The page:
Scenic imagery

GA Blog

Showing blogs: 1924 of 713

3.20.19 State News: Tax on High-End Real Estate Sales Could Generate Hundreds of Millions for Boston; Dampen Real Estate Market

A tax on sales of high-dollar real estate in Boston would generate an enormous amount of money for affordable housing, but could dampen the city’s real estate market and faces a long road to approval.

That’s what emerged from a Boston City Council hearing Tuesday on a proposal that would levy a 6 percent tax on most homes, land, and office buildings that sell for more than $2 million, with the proceeds going to the city’s affordable housing fund.

A tax of that size would have generated $420 million last year, according to data from City Councilor Lydia Edwards, one of the bill’s cosponsors. Even a tax on commercial and industrial properties alone would have generated $189 million, nearly quadrupling the city’s current affordable housing budget of roughly $50 million.

“I would think those are numbers and money we certainly could use in the City of Boston,’ Edwards said.

Walsh administration officials — who have pushed for more affordable housing funding but taken no position on the transfer tax — didn’t disagree. Housing chief Sheila Dillon said Mayor Martin J. Walsh is “committed to the goals” of the legislation, but that it needs more study. Commissioner of Assessing Gayle Willett said she worried a transfer tax, and a related extra tax on sales of homes owned for less than two years, could hurt property values and make Boston’s housing market even tighter.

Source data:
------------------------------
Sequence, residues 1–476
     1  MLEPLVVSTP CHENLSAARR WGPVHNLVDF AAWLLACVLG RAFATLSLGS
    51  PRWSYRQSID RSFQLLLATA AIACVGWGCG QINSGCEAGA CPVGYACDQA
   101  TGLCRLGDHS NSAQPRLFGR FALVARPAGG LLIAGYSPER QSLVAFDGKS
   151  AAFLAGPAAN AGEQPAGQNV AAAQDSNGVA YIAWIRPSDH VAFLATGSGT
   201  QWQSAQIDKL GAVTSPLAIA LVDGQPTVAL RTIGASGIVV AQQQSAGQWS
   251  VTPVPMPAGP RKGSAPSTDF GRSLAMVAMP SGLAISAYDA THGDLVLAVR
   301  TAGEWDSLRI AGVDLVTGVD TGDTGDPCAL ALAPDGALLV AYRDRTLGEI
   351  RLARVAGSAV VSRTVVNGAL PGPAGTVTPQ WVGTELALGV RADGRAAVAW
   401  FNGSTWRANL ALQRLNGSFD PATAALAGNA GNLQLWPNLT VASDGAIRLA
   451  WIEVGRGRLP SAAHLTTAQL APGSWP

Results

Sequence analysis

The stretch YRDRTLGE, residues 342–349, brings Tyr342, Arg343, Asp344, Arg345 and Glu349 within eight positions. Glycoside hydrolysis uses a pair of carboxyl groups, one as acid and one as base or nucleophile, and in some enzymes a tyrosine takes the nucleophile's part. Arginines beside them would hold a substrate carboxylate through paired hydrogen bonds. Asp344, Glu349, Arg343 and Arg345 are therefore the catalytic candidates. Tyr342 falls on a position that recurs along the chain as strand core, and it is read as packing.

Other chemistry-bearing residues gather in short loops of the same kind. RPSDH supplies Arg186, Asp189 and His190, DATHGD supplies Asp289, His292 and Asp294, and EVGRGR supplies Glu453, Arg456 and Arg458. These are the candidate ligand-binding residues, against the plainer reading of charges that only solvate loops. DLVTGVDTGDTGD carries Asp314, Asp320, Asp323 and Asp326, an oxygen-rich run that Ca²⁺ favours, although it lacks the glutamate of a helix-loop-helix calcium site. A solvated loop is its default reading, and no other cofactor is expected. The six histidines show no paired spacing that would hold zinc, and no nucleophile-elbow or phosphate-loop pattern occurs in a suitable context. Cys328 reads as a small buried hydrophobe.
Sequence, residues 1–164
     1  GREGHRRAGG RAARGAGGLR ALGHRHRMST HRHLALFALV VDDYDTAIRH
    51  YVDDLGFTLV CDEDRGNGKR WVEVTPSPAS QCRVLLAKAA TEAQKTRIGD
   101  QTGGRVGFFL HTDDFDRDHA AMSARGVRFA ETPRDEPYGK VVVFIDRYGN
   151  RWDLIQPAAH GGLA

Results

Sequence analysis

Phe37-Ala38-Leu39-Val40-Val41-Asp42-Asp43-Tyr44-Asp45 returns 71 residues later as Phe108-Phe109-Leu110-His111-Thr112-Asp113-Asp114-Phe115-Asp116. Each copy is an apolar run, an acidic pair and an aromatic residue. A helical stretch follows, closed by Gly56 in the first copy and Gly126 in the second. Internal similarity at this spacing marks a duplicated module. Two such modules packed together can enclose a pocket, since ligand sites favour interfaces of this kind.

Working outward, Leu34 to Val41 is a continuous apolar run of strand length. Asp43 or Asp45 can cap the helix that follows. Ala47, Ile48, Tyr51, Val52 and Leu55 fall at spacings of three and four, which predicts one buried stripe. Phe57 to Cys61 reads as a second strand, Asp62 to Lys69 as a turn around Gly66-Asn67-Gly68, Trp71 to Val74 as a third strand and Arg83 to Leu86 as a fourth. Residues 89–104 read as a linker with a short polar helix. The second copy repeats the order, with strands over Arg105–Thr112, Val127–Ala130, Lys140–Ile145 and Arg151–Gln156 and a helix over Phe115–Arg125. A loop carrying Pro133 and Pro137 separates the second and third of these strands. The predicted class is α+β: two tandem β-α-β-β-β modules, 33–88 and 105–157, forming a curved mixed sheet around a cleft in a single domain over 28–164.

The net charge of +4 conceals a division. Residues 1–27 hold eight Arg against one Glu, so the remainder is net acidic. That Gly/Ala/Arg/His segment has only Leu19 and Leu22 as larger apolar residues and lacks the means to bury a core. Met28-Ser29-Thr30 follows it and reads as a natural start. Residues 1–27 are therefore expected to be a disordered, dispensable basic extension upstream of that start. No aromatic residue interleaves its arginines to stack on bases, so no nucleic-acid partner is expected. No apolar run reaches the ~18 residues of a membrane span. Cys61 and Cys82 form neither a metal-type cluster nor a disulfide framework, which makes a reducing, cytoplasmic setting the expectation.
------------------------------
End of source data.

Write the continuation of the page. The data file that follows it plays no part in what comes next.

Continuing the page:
“I think that this would affect sales,” Willett said. “It would be in someone’s interest to get around these fees.”

Real estate industry leaders were more explicit: They don’t like the idea one bit. Greg Vasil, president of the Greater Boston Real Estate Board, said his members, who include major affordable housing developers, unanimously oppose the current plan. Should it pass, he said, the tax would simply be passed on to the people its supporters are trying to help: low-income renters and small businesses.

“Taxes like this trickle down an economy. They end up coming to rest with those who can least afford them,” Vasil said. “Companies will pay more in rent; people will pay more in terms of rent.”

Read more about this proposal at The Boston Globe.

Boston Skyline

contine reading button

3.20.19 Local News: Lynn Unveils Third Waterfront Plan

The City of Lynn is developing two master plans to reimagine its waterfront with residential, commercial and industrial development, park space and public access. A third plan that will help implement and enforce the provisions of both was laid out for the first time on Tuesday night.

The third component of the planning process for the transformation of the city’s 305-acre waterfront site is an update of the Lynn Municipal Harbor Plan, which was approved by the state in 2010 and expires after a decade.

The plan, subject to state approval, was presented before a roomful of residents and elected officials at Lynn Housing Authority & Neighborhood Development.

A Municipal Harbor Plan states a municipality’s goals, standards and policies to guide public and private use of land and water within the jurisdiction of the Public Waterfront Act, or Chapter 91, which was created to regulate waterways.